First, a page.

Jonas Roberts (Robertson) and Catherine Markham married by Rev Nathan Anderson, Methodist ministers return; pg 388; 24 April 1798.
[source] Marriage Bonds and Ministers Returns of Chesterfield County Virginia; Knorr.
Catherine Markham began married life with a busy household. Over the next fifteen years, Jonas Robertson and Catherine Markham added eight more children to their family.
1810 Census of Chesterfield county Virginia; page 53
Jonas Robertson; 3m 0-10; 1m 10-16; 1m 16-26; 1m 45+; 2f 0-10; 1f 16-26; 1f 26-45; 11 slaves; (suggests 5 male children and 3 female children in the home in 1810)
Jonas Robertson died in 1818 in Chesterfield county, Virginia. He was probably in his fifties, and his widow in her forties. Many years later, in 1853, Jonas Robertson's descendants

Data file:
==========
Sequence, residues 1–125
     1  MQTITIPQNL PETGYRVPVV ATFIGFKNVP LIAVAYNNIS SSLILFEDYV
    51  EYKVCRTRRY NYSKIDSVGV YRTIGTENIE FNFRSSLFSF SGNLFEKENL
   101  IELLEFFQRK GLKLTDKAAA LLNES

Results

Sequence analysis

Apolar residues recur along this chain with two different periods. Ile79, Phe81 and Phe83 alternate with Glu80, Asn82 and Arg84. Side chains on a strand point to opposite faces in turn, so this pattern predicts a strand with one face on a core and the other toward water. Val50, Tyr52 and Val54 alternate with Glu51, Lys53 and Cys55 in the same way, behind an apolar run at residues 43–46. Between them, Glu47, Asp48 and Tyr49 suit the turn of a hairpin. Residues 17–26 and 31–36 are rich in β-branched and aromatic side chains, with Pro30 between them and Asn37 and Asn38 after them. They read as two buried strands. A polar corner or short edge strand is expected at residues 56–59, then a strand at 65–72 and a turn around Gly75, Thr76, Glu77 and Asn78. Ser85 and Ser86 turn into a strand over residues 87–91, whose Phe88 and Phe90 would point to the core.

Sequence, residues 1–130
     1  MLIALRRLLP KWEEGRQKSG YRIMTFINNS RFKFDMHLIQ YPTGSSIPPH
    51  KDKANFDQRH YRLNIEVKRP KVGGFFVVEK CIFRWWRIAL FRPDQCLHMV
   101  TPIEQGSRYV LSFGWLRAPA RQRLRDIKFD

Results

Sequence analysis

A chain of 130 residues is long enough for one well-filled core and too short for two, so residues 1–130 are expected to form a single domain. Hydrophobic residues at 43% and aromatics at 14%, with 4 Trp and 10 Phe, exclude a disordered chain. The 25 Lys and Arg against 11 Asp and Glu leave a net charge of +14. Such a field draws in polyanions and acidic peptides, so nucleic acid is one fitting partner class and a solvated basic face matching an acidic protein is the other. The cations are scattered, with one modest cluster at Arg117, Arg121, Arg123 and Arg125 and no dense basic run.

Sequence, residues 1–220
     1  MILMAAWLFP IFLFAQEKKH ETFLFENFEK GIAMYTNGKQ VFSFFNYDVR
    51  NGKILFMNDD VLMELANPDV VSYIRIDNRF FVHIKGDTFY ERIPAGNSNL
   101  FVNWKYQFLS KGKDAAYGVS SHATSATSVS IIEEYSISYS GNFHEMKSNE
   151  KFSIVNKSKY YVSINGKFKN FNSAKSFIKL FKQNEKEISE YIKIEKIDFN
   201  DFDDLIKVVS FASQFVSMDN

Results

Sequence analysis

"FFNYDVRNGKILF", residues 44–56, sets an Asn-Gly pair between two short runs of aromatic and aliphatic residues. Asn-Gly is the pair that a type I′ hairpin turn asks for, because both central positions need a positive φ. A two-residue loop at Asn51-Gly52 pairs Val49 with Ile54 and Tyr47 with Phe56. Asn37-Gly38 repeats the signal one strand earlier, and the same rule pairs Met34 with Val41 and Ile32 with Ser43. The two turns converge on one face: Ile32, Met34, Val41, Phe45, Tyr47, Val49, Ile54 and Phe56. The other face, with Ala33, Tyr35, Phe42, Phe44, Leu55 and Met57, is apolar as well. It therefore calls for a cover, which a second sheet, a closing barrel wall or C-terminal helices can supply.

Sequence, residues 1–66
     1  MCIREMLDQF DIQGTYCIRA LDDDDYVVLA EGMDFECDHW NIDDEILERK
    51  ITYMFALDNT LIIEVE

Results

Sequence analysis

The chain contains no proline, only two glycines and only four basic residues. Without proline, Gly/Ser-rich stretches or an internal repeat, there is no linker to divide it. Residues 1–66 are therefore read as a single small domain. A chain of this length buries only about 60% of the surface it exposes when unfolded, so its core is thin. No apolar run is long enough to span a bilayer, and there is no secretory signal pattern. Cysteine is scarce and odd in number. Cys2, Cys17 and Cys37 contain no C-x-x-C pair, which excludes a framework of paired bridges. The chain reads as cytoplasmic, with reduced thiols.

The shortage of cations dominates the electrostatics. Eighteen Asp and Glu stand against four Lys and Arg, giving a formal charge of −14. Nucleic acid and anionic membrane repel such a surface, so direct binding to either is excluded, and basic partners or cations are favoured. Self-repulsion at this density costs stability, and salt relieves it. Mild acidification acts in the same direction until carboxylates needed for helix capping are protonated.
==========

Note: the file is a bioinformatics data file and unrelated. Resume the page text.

sought to settle some remaining details of his estate in Chauncery Court. An abstract of his original Will was included with the Chauncery Court records. The Will begins by giving slaves
to his four grown children by Ann Hill, then he goes on to say:
"[I] lend to my wife Catharine during her natural life three Negroes named Jim, Edy, and Frank. Also the fourth part of my stock of every description and the whole of my household and
kitchen furniture and after her death I give the said Negroes, stock and furniture above mentioned to be equally divided between my eight children not before named viz.: Markham, Edward,
George, Judith, Eliza Ann, Joseph Bolling, Rebecca, and Martha. The balance of my estate of what nature or kind so ever to be equally divided between my eight last mentioned